Maintaining your Passion!

Maintaining your Passion!

I recently started teaching another series of the MIPP’s Introduction to Photography Course and the discussion fell on what discourages newcomers to photography. I gave it some thought and I tried to narrow it down to five main factors which contribute to the failure of beginners to maintain their initial interest and momentum.

© Fast Track (2)

Do not blame your equipment (or lack of it). Yes, certain equipment is needed for some genres of photography, such as macro, sport or wildlife, but photography has been with us for nearly 200 years and those photographers who came before us did not even dream of the equipment we have at our disposal today. Yet, the history of photography is brimming with outstanding and iconic work where a basic camera and lens were employed. Auto-focus and the camera Monitor, just to mention two things, are relatively recent inventions.

On the other hand, post processing or digitally editing images after they have been captured with a camera, is here to stay. How can the images of a student of photography, who has no idea of post processing, compete with those of someone who is employing the enormous benefits of fine tuning one’s images? The answer is simply a big “No.” When such newbies compare their images, they are bound to be disheartened. Thus, when taking up photography, or going to learn, one must today perforce interest oneself in image editing. Otherwise, one’s images cannot reach today’s industry standards.

Life has become so fast that most of us rarely pause enough to see the opportunities and the great visual images that are there for the taking.
One can carry a camera around the clock, (which I recommend) but unless one learns and disciplines oneself to slow down and to look at the world a little differently one may never actually see those images. When out taking pictures, fully absorb the surroundings and if something stops you in your tracks, keep the camera down and first use your eyes and your brain. What has attracted you to stop? How can you shoot the subject differently? What do you include and leave out? Is the background complimentary? The list never ends. Yet ask yourself these questions as eventually it will become a natural procedure which will get one into the habit of seeing subjects which otherwise would be ignored. The main idea is to include photography into your daily lifestyle and rhythm, and observe even when the camera is not with you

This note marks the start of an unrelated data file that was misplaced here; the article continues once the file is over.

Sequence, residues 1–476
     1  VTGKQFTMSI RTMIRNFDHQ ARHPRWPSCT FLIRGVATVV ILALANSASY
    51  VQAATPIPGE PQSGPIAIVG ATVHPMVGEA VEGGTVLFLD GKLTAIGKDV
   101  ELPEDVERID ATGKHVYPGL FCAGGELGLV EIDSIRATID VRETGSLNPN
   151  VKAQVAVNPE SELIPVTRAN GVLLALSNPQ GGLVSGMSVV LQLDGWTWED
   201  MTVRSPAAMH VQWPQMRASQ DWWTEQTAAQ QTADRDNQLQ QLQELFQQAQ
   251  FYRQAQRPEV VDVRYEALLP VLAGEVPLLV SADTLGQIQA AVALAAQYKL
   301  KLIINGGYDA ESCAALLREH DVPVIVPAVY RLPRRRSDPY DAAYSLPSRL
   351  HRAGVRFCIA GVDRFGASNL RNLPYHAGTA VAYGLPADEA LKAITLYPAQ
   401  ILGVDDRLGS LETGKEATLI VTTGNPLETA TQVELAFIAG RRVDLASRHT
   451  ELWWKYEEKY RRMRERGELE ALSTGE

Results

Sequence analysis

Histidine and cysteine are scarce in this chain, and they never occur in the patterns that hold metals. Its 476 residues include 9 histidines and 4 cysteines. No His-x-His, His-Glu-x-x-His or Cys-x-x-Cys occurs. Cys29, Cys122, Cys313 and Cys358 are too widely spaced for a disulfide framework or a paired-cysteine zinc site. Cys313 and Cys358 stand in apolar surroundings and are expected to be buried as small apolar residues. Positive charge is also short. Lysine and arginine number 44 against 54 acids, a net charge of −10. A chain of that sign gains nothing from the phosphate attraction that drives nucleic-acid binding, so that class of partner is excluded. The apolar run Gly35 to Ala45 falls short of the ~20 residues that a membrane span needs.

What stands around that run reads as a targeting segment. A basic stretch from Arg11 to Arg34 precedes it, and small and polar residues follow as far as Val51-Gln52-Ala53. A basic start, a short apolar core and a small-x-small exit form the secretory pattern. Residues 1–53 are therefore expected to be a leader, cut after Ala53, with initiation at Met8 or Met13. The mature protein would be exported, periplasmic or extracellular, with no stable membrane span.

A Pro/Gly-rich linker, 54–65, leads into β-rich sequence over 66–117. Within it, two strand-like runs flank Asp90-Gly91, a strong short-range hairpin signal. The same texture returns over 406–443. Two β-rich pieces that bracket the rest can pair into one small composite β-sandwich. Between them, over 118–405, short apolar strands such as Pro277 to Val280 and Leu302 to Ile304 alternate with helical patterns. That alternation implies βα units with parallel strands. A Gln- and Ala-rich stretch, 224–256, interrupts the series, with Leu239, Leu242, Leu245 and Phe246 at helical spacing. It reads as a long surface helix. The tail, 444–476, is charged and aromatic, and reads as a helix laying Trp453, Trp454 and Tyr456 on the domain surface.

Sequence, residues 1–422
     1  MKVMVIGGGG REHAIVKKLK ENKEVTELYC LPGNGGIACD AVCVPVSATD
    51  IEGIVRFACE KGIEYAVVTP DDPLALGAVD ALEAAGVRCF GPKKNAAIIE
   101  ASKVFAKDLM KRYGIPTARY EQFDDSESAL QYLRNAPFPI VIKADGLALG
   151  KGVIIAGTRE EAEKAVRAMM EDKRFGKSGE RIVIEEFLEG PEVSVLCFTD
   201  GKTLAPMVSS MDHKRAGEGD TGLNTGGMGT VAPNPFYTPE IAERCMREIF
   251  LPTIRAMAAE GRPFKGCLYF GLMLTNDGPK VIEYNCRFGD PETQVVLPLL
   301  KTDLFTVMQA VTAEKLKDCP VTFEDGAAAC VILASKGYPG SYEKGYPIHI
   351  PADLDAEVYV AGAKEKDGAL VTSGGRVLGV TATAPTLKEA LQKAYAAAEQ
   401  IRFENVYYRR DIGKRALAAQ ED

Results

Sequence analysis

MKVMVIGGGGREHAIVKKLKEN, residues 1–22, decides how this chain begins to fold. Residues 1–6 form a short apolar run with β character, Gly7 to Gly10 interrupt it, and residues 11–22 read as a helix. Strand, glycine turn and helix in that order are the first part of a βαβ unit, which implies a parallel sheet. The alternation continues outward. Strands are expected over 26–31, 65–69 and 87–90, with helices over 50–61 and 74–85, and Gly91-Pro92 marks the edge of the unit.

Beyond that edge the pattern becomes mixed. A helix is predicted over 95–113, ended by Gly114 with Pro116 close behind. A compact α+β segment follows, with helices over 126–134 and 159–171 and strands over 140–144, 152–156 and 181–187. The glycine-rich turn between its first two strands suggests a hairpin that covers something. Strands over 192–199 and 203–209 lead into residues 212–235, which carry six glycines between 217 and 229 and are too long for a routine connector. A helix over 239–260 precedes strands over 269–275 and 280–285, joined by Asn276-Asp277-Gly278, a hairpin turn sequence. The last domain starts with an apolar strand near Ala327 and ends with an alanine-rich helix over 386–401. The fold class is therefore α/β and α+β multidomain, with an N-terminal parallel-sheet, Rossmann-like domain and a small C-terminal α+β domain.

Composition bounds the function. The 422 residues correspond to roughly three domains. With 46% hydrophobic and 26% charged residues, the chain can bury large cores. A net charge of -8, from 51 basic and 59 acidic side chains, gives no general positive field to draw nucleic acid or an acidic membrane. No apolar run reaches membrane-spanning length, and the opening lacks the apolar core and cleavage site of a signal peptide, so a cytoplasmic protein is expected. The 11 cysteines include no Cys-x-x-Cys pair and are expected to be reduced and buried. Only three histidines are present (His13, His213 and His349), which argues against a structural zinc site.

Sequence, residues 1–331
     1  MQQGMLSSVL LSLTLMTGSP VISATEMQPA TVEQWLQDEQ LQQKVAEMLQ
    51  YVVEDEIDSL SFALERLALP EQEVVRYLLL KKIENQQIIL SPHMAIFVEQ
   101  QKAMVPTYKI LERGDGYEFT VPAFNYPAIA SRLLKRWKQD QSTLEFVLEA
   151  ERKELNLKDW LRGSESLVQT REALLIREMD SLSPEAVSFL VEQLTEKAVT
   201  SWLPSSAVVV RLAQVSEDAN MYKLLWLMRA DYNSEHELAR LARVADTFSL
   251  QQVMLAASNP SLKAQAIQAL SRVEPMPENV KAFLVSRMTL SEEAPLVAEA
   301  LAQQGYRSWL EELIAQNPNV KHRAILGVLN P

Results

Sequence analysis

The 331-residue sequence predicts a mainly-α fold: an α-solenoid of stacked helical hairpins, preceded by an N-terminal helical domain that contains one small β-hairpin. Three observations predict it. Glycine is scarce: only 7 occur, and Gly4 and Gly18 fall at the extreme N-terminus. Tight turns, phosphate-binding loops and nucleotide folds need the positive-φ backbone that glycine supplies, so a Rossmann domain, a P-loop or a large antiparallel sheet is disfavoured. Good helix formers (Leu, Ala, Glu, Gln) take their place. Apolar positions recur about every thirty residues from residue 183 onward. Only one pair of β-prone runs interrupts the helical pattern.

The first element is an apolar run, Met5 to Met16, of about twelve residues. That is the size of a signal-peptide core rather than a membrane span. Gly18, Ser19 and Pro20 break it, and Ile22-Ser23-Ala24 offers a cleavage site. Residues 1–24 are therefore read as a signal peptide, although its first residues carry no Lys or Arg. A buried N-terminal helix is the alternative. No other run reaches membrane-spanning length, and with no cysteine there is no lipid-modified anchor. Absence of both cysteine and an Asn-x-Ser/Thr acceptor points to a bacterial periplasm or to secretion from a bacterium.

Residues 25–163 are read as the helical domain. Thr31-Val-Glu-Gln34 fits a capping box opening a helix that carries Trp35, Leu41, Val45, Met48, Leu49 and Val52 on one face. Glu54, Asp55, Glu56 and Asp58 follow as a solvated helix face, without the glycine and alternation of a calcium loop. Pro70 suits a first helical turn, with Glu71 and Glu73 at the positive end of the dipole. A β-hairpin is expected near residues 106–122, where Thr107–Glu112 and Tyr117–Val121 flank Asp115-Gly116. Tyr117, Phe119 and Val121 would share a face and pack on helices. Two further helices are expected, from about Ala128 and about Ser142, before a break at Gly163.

This is becoming a very neglected part of the photographers of today. Art needs stimulation and knowledge. If we do not constantly research and improve our knowledge, in all spheres of life, our horizons will be as restricted as a horse with blinkers. The more we research on what others have done before us, the more we look at other art forms, the more we read on photography, the more we research themes and concepts, the more our imagination and creativity will broaden. Humans are a product of their conditioning, so how can someone who isolates oneself and is not constantly searching for ways and means to improve his work progress? The more knowledge we have, be it conceptual, historical, technical etc; the more capable we will be to improve our work.

A common gripe I hear is that newcomers are very scared to compete in photographic competitions or even to show their work on social media. Here I totally disagree. Images were not meant to be taken and hoarded by the photographer. Images are taken to be seen, discussed, generate awareness, pass a message. The reasons why we photograph are endless so if one is going into photography being perpetually scared to show one’s images, one might as well stick to philatelly or needlework! Do not be worried about how others see your work, or if you fail in a competition. This is a vital process for a beginner to learn how to improve. If one does not hear critique of one’s work, how can the work evolve? How can a photographer’s confidence grow if the photographs are only seen perhaps by a few close people around him – who would normally be too polite to say what they truly think? So go out there to compete and show your work and remember, even those ‘judges’ started out the same as you.

One thought on “Maintaining your Passion!

  1. Well said Kevin, we need to make beginners see this for many times I guess until they stick in their minds and continue evolving. Competition is good and healthy for photography.

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